Assisted dying involves a person who is experiencing unbearable suffering from a terminal illness taking or being given medication to end their life. There are strict eligibility criteria to have an assisted death. –Ministry of Health 

By Ann David

Many applications

The first yearly report from the Ministry of Health’s Assisted Dying Secretariat shows that 661 people applied for assisted dying. For a number of reasons, only 257 people came through the system in that timeframe with 74 cases still open at the time of the review.  

Stats New Zealand tells us that during the whole 12 months of 2022, total deaths were 38,574.  

A quick summary shows that during the 12-month period from 7 November 2021 to 6 November 2022, 661 people applied for assisted dying, of which just under 20% came from the Central Region that includes the Kāpiti Coast. 

Cancer the main reason

The primary underlying reason for assisted deaths was cancer at 68%.  Cancer accounts for only 25% of deaths in the total population. The reason for this over-representation among assisted deaths is accounted for by the tight eligibilty criteria which restricts access to assisted dying to those whose death prognosis is “6 months or less”.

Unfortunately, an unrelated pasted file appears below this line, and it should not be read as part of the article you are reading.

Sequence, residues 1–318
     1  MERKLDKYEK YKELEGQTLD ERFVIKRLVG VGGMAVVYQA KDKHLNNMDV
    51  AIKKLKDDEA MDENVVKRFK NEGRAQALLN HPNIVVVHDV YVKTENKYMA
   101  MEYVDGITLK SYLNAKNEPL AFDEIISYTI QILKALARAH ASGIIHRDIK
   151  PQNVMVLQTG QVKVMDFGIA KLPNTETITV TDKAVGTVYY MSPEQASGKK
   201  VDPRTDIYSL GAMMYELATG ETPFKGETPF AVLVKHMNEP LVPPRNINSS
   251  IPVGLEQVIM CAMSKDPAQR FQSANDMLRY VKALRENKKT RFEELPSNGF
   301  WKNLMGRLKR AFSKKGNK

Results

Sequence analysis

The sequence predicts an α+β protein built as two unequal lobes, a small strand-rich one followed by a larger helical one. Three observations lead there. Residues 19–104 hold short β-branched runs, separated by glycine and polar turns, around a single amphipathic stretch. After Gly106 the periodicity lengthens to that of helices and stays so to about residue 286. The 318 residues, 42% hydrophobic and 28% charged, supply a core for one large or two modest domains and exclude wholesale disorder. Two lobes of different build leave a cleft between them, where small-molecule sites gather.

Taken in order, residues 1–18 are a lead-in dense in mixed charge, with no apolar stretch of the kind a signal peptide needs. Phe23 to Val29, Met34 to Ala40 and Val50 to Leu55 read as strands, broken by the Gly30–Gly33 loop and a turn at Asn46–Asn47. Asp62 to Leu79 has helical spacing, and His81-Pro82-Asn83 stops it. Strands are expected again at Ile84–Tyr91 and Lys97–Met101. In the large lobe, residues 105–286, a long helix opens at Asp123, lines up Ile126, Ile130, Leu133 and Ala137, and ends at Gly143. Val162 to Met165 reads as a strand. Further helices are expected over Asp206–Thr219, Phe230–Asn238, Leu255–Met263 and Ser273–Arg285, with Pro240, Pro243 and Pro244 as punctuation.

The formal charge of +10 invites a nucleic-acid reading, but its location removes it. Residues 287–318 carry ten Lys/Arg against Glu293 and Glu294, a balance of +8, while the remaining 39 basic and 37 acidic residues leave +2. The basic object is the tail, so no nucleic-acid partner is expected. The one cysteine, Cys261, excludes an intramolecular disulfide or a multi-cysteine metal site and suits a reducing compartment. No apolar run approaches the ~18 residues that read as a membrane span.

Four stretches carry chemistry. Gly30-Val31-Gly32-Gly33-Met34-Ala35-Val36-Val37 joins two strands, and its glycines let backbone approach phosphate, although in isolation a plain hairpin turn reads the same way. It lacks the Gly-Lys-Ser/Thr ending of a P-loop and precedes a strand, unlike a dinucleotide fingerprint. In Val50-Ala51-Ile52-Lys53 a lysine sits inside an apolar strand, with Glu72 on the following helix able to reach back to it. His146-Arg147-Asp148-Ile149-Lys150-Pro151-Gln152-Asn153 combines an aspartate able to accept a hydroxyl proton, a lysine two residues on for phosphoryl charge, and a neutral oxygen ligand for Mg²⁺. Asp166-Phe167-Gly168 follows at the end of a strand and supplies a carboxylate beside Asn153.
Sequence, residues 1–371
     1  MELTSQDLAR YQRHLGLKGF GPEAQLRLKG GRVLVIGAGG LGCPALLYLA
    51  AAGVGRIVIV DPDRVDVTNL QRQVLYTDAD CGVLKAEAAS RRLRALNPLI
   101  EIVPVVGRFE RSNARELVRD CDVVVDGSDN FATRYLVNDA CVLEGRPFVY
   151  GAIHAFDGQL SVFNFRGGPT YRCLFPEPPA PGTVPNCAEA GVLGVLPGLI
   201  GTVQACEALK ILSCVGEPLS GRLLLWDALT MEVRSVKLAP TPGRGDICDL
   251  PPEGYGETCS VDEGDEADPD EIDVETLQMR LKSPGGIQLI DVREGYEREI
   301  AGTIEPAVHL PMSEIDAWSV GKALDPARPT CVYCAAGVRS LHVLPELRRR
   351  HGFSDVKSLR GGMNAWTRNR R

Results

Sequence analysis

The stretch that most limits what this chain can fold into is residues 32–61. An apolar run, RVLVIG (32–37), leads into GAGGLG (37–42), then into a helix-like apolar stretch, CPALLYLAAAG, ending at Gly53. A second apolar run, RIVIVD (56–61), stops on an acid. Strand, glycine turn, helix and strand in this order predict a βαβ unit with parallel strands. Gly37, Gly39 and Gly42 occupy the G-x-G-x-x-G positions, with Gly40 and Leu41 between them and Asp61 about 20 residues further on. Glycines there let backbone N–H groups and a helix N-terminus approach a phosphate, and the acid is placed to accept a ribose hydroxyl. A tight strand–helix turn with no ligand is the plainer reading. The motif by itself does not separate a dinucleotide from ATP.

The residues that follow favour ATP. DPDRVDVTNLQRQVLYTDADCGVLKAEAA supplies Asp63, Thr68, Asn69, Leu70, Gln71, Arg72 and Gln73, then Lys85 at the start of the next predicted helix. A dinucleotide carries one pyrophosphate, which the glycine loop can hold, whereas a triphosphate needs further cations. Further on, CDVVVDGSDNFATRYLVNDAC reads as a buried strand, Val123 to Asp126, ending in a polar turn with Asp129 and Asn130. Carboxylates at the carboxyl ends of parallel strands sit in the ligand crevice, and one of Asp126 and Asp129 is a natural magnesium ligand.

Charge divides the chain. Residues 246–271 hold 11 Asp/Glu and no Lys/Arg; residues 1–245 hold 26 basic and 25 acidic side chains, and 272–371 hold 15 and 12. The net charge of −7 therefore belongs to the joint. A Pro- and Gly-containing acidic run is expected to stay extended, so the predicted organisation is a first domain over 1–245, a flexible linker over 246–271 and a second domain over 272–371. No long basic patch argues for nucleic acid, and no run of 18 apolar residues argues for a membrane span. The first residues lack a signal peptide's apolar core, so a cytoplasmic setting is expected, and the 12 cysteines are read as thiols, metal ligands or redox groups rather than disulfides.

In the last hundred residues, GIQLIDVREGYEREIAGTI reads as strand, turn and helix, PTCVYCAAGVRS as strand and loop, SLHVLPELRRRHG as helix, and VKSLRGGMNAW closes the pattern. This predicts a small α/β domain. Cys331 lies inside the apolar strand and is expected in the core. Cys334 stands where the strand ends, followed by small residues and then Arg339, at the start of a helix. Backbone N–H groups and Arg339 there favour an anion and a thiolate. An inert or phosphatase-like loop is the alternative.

Cancer is more predictable than other diseases. 

Most applicants ineligible because of the narrow criteria

During the 4 – 6 week process of application and two independent medical assessments, a total of 189 applicants were found to be ineligible.  The major reasons were: 

  • Not suffering from a terminal illness likely to end life in 6 months or less
  • Not experiencing unbearable suffering unable to be relieved
  • Not in an advanced state of decline in physical capability.

Other initial applicants did not complete the process due to the following primary reasons: 

  • Died in the process of application (140) 
  • Application still open at the time of the review (74) 
  • Lost competency during the process
  • Decided to withdraw.

Need to broaden the criteria

Assisted dying in New Zealand is regulated by the Ministry of Health under the End of Life Choice Act 2019.  The Act is due for review after November 2024.  

The End-of-Life Choice Society NZ hopes that parliament can be convinced to broaden the eligibility criteria so disease sufferers, in addition to those suffering with cancer, will be permitted to access a peaceful death as a legal part of end-of-life care.  Join us on 

(Waikanae-based Ann David is President of the End-of-Life Choice Society NZ)